Tuesday, November 18, 2014

History of the Ouija Board by Cindie Harper

Some sites and experts claim that the Ouija Board has been around since the fourth century. It's also thought to have been used by the Greeks since before the time of Christ (Ellie Crystal, 1997). However, the earliest known patent for a talking board was filed on January 23, 1854 in the patent offices of London, England. The patent was filed by Adolphus Wagner, who described his device as a “Psychograph, or apparatus for indicating person’s thoughts by the agent of nervous electricity”. The patent identifies the device as a “Taking Board”.  According to Mr. Wagner’s full description, it appears that he believed that it was the unintentional movements of the participants, and not the spirits of the dead, that created the messages spelled out on the board (Karl, 2007).

The Ouija board was first introduced to the American public in 1890 as a parlor game. America saw a rise in the interest of spiritualism. This was most likely a result of people’s desperation to connect with loved ones who had gone away to war and never returned home. It appears that impatience in communicating with the dead grew as well. People were desperate for quicker methods of communication with the dead.

In 1886, the fledgling Associated Press reported on a new phenomenon taking over the spiritualists’ camps in Ohio, the talking board. In 1890, Charles Kennard, Elijah Bond, Col. Washington Bowie, and E.C. Reiche started the Kennard Novelty Company to exclusively make and market talking boards. None of the men were known to be spiritualists, but they were all known businessmen.

In 1891, U.S. Patent 446054 for the Ouija Board was granted to Elijah J. Bond and Charles Kennard. The men created a new design for the board and sold it along with a planchette.  Mr. Kennard’s company was eventually taken over by his former foreman, William Fuld, in 1892. William reinvented the history of the Ouija Board, making himself the actual inventor of the Board. He claimed that the name came from the French word "oui" for yes, and the German "ja" for yes.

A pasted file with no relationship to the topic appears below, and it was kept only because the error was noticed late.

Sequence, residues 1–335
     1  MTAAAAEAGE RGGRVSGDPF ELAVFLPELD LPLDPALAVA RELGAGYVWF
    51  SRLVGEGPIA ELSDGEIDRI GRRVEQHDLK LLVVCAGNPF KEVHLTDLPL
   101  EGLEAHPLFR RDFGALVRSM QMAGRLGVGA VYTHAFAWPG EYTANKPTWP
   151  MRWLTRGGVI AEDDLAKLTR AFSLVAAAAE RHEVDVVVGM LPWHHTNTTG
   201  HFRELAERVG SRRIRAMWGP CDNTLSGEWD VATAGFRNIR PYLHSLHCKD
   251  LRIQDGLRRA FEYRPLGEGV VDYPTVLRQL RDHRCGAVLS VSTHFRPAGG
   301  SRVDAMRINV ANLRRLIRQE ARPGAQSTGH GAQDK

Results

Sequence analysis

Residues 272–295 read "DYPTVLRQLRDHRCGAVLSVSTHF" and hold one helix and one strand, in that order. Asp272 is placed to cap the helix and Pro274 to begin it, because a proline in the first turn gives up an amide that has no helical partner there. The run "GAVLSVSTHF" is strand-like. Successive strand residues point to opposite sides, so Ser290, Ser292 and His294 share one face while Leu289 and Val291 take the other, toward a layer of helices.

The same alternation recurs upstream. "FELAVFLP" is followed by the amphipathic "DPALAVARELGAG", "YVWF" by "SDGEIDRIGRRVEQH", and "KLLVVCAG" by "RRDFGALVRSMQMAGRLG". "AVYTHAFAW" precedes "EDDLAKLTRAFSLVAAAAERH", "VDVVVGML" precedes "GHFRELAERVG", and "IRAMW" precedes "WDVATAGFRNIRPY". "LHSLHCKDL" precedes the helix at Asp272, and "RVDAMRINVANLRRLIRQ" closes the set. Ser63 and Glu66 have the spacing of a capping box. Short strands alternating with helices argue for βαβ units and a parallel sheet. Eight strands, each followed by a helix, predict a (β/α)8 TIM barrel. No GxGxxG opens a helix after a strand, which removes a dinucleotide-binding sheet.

Fuld refused to pay taxes on the Oujia sales stating that the boards were scientific instruments, not games. Fuld’s battle against the IRS went all the way to the Supreme Court. In 1920, the Supreme Court decided to legally categorize Oujia as a game. Some would argue that Fuld classified the board as a scientific instrument to avoid paying taxes on the sale of the board. Others might argue that the Supreme Court determined the board to be a game so that they could collect the taxes.

In 1927, Fuld fell from the roof of his Ouija Factory to his death. His children took over the business and continued to sell the boards until they retired in 1966.  In 1966, the Parker Brothers purchased the rights to the Ouija Board and began manufacturing it in Salem, Massachusetts (Sharon Scott, 2007). Parker Brothers has always promoted the Ouija Board as a harmless parlor game. If the board was promoted as anything else, Parker Brothers would likely lose the support of the very profitable Christian family board game market. Think about it.


Cindie Harper is a paranormal investigator and Founder of Femme Force. Cindie has a Master of Social Work degree from West Virginia University and is also a certified Reiki Master Teacher.  Cindie is an intuitive and believes in embracing the unknown. She is interested in most things paranormal, spiritual, creepy or spooky.

You can find Cindie on YouTube: https://www.youtube.com/user/femmeforce
Facebook: https://www.facebook.com/pages/Femme-Force/251139875064663
Twitter: @thefemmeforce

Ellie Crystal, 1997, “Ouija Boards”
Karl, Jason 2007, “An Illustrated History of the Haunted World”
Museum of Taking Boards , 1996

Sharon Scott, 2007, “ Toys, Games, and Hobbies in North America” GREENWOOD ENCYCLOPEDIA OF WORLD POPULAR CULTURES

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